THE BLOG

The Art of Cataloging Lucid Dreams

The importance of sleep and dreaming is unquestionable and the expansion of consciousness through our dreams is essential to our development as sentient beings.
09/18/2015 11:12am ET | Updated December 6, 2017
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2015-09-14-1442272524-8726236-JOURNALsmall.jpgFor me the journey to lucid dreaming begins when you start recording your dreams in a journal. Dream journals not only help me fine tune my dream state awareness but also serve to help me focus more intently while I am dreaming.

Drafting as a physical artistic process and psychological experience has been practiced by enlightened greats like Nostradamus, Isaac Newton and William Blake. One of the most talked about dream journals today is the Red Book which was first drafted by renowned psychiatrist and psychotherapist Carl Jung in 1914. As stated in the Harper's Magazine article titled Inside Jung's Red Book, Carl Jung labored on his dream diary for 16 years. During that time it endured multiple edits and transcriptions as he worried it might appear like madness to the superficial observer. Even long after Jung's death it took Professor Sonu Shamdasani three years to convince Jung's family to publish the Red Book.

I cross-examined the traits of Nostradamus, Newton, Blake and Jung and made an interesting observation. They all shared an avid interest in alchemy and were vegetarians.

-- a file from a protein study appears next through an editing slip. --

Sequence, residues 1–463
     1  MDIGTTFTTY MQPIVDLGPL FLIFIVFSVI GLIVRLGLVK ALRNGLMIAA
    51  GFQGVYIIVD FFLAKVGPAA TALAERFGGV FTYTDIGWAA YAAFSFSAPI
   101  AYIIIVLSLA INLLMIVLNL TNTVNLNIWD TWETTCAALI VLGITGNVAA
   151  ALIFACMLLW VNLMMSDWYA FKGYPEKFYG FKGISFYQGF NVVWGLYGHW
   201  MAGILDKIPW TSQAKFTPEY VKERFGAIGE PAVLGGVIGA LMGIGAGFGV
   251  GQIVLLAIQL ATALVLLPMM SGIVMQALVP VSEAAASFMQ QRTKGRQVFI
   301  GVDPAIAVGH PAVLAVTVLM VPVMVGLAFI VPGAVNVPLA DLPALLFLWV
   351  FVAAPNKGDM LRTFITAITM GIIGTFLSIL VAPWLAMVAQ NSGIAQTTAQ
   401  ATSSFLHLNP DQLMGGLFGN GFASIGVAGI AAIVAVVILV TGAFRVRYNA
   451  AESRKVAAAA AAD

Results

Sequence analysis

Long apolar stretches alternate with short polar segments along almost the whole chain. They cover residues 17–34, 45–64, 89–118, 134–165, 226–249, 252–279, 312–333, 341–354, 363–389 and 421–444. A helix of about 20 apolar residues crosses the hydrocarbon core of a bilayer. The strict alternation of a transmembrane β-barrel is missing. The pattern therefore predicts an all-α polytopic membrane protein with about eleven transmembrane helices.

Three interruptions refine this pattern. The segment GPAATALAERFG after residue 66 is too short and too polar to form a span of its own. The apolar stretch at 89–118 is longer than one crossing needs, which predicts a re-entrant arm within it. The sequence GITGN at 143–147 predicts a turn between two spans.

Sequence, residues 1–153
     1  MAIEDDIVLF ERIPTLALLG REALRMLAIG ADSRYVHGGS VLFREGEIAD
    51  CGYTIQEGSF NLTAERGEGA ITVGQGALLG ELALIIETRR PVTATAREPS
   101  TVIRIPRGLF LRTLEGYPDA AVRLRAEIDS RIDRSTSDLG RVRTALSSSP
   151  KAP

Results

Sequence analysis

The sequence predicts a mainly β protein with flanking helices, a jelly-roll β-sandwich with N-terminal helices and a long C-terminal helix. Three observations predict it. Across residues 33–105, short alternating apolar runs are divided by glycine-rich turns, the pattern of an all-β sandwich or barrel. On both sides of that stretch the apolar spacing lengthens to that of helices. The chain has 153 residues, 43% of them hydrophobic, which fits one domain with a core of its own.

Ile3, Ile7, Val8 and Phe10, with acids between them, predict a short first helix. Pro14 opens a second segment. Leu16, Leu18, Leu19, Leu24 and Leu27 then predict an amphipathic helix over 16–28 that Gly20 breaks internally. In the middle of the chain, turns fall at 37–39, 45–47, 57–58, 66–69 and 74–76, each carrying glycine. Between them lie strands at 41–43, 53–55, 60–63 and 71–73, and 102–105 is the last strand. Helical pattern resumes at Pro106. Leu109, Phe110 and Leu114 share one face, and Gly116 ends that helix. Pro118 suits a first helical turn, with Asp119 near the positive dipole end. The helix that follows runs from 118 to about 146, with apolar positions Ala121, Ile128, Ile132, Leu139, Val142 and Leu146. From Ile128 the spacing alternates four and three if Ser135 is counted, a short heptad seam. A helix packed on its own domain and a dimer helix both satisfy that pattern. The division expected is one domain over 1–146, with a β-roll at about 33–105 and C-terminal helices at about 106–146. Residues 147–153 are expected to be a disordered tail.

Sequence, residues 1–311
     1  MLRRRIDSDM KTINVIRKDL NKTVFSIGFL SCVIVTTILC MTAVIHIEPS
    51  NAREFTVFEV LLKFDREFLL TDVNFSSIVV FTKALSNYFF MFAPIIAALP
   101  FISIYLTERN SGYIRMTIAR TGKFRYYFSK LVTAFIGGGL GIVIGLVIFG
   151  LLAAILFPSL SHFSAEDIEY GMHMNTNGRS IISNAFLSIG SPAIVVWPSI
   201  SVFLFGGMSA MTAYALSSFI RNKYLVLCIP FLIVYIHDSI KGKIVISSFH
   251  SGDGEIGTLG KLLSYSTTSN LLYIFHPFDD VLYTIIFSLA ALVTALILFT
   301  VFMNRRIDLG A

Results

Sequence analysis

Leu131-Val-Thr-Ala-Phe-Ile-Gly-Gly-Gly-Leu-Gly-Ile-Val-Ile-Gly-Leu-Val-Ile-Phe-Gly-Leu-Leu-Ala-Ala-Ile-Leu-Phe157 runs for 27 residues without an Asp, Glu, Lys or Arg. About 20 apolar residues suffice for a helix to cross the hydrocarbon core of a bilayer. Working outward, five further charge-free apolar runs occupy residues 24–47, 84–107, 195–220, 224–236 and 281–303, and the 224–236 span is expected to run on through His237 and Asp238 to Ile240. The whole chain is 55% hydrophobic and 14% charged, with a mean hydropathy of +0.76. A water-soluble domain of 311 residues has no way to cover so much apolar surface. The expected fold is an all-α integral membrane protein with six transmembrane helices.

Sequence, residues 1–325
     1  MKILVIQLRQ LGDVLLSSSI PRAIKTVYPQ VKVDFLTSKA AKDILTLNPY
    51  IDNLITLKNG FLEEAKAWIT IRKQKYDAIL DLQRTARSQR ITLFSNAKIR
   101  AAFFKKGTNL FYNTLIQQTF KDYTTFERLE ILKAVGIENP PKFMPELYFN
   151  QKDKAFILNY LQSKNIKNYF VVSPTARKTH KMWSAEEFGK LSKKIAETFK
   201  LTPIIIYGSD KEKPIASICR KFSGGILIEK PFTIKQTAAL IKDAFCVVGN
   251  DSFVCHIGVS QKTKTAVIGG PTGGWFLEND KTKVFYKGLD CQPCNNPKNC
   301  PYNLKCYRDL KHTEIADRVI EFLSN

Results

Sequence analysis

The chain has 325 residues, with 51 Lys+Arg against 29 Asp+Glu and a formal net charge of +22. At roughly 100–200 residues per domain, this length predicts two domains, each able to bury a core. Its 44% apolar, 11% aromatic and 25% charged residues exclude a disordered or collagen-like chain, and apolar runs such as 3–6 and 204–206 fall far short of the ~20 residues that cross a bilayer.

Over the years various scientific breakthroughs that originated from dreams have made their way into many scholarly analyses and debates.

For instance, chemist August Kekulé was trying to figure out how the atoms in benzene were arranged. The fact that benzene molecules were made up of rings of carbon atoms actually came to him in a dream around 1861-1862. Kekulé himself recounted his dream during a speech at a benzene symposium in 1890.

In 1869 another chemist, Dmitri Mendeleev, was obsessing for months over finding a logical way to organize the chemical elements. One night in a dream he saw a table where all of the elements fell into place. When he woke up he immediately drew the chart from his dream on a piece of paper and the periodic table of elements was born.

In 1919 mathematician Srinivasa Ramanujan caught the eye of G.H. Hardy with his production of almost 4,000 proofs and equations in pure mathematics. On Ramanujan's death bed he wrote down functions he said came to him in dreams. On Dec. 28, 2012 the Business Insider published an article titled Researchers Unlock Formula Written By Brilliant Indian Mathematician On His Death Bed. Finally 100 years later, researchers from Emory University stated they were able to prove Ramanujan was right.

The importance of sleep and dreaming is unquestionable and the expansion of consciousness through our dreams is essential to our development as sentient beings.

Today's discoveries are happening at an accelerated pace. With the increasing interest in lucid dreaming, one can speculate this pace could very well increase exponentially.